Don Cunningham: This is Not a One-Size-Fits-All America
By Colin McEvoy on February 1, 2017
It was Tip O’Neill, former Speaker of the U.S. House of Representatives and Democratic ward-style Congressman from Boston, who said, “All politics is local.”
What he meant is that, regardless of what’s going on in Washington or the nation, it’s what happens at home that gets someone elected or unelected. But, back in Tip’s bygone era of politics, which wasn’t long ago, Democrats and Republicans competed every 24 months in most of the nation’s 435 congressional districts.
Therefore, it mattered what happened at home. That’s what you campaigned on or against.
Today, partisanship and loyalty to political tribe have relegated competitive legislative elections to the quaint old days of democracy. Congressional districts, along with those for state House and Senate seats, are gerrymandered to assure party control. There is little regard for logical geography or regional identities, which is why Bethlehem now shares a district with Hershey, and Easton with Scranton. Legislative boundaries look like a Rorschach inkblot aching and straining to link Republicans or Democrats together in “safe seats.”
In the Lehigh Valley, there were no competitive legislative races during the last election. Most incumbents had no opponent. And, this was the same election as the longest, most competitive and covered presidential race since 2000.
In today’s America, all politics are national. Allegiance to party, ideology and tribe are the rallying cries and one-size-fits all solutions and policies are handed down from the on-air and online squawkers, the national parties and presidential candidates.
The problem is that it’s not a one-size fits all America.
As I argued in this space last time, American media, pundits and politicians want us see the presidency as a type of new omnipotent monarchy that governs all aspects of our lives. In this view, the president is responsible for everything from the economy to foreign wars to terrorism and to whether we have a job, where it’s located and how much it pays. Of course it ignores the reality of a free market, capitalist Republic that stands upon a federalist system of local, state and national governance of three equal branches and a powerful and innovative private sector.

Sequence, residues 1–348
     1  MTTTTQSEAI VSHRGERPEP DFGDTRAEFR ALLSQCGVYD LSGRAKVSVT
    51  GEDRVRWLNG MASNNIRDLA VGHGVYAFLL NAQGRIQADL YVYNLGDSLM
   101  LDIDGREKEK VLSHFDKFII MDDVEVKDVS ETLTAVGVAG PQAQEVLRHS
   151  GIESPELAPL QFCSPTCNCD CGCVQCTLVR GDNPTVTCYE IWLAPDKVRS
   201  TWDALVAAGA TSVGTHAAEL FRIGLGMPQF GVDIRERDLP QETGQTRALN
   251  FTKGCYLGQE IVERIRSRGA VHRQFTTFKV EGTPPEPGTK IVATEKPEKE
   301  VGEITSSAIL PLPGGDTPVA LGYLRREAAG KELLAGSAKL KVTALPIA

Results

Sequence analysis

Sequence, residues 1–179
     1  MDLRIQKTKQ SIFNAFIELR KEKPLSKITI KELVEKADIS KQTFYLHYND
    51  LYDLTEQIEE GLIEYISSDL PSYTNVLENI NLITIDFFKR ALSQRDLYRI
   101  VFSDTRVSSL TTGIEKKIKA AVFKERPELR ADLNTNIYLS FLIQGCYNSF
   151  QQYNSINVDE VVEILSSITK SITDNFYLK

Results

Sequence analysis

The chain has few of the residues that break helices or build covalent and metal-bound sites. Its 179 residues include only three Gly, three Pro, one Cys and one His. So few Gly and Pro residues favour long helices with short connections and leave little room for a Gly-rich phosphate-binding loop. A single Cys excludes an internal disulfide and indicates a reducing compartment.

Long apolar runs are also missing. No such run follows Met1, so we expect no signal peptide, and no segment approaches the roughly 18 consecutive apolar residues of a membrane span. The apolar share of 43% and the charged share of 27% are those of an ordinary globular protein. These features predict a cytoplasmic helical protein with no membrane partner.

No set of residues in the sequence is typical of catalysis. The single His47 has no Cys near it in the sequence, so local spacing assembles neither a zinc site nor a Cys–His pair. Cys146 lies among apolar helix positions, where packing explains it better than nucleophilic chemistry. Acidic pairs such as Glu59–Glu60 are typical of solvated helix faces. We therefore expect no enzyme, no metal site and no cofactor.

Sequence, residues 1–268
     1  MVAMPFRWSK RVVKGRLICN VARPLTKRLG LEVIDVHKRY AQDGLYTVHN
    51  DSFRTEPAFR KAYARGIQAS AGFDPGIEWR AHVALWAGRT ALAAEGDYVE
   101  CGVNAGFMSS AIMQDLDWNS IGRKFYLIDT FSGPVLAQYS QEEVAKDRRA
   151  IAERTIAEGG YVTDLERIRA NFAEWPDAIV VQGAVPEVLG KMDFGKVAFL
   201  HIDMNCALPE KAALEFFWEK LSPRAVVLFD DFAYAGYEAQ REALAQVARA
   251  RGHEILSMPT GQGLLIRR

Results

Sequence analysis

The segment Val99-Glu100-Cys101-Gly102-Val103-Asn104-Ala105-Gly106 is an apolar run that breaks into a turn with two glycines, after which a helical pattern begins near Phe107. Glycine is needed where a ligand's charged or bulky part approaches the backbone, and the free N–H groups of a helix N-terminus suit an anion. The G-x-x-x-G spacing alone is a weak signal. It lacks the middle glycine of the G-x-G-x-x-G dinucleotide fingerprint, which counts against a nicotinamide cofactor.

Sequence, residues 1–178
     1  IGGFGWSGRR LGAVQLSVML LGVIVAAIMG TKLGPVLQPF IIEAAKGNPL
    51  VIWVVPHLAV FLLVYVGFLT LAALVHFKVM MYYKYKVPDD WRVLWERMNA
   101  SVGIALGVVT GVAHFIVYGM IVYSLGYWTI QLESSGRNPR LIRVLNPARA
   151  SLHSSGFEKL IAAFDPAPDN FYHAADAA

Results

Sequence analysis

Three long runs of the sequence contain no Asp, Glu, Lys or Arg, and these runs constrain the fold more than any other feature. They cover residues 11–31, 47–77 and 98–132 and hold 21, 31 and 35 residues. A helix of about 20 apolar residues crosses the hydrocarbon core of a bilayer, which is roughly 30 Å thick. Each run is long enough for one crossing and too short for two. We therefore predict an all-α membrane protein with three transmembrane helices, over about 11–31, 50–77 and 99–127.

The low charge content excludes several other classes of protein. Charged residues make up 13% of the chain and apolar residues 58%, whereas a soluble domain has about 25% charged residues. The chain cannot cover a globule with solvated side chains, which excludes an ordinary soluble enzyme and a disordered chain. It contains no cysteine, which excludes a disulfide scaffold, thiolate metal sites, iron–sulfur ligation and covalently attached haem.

The bigger danger, however, is the loss of debate about whether a particular one-size fits all policy or solution makes sense everywhere. What may motivate voters and make sense in parts of the country struggling with economic decline may not make sense here.
The Lehigh Valley is growing. Our $37 billion in GDP is the largest it’s ever been. Our companies logged record exports last year. Manufacturing is once again our largest sector with 680 companies and 36,000 workers. Ten million square feet of new industrial space was built during the last two years, another five million is under construction. All three of our cities have roared back with new offices, restaurants, nightlife, entertainment and residents.
While more can always be done, as I look across the Lehigh Valley, I see more of Ronald Reagan’s “morning in America” than the “American carnage” of President Trump’s inaugural address. It’s a big America. I’m sure there are pockets of carnage but I sure don’t see us as part of it. We’ve turned most of our old factories and industries into new job centers – and we did it locally. More is on the way.
Today, our biggest economic challenge is workforce. We are in an age of transition and we need workers with the right skills and qualifications. That takes training and retraining. It means more capacity at our vocational and technical schools and community colleges. In some cases, we just need workers. We are fortunate industry and manufacturing is here and keeps coming. They need the right workforce. We are near full employment in the lower skilled sectors. Amazon reduced the size of its last facility because of concern for finding 1,000 new workers. We face the same challenge with other large industrial prospects.
We may need a new round of immigration, which has fueled the American workforce and way of life for generations. A labor shortage will reward workers in the short term with higher wages due to supply and demand but it will cause problems in the long run for companies and the region.
Many of our manufacturers rely upon trade, as do consumers. Just last year, 42 percent of our new development projects came from overseas. Bimbo Bakery from Mexico built a $100 million plant here. Fuling Plastics built the only Chinese manufacturing plant in Pennsylvania employing Americans. Norac of France is building its American plant here to enter the U.S. pastry market. These are some of today’s Lehigh Valley manufacturers.
Lower taxes and sensible regulatory reform certainly could generate new corporate investment and growth. We hope for that. The wrong trade and immigration barriers could be counter productive to our local needs.
The American economy is large and complex. One size never fits all. Since politics now appears to be national, we have to make sure that Washington doesn’t send us the wrong size shirt and pants.
LVEDC Events to be Free to Attend for Investors
Effective this year, as an additional investor benefit, there will be no attendance costs for investors to any events organized by the Lehigh Valley Economic Development Corpo[...]Continue to Next Page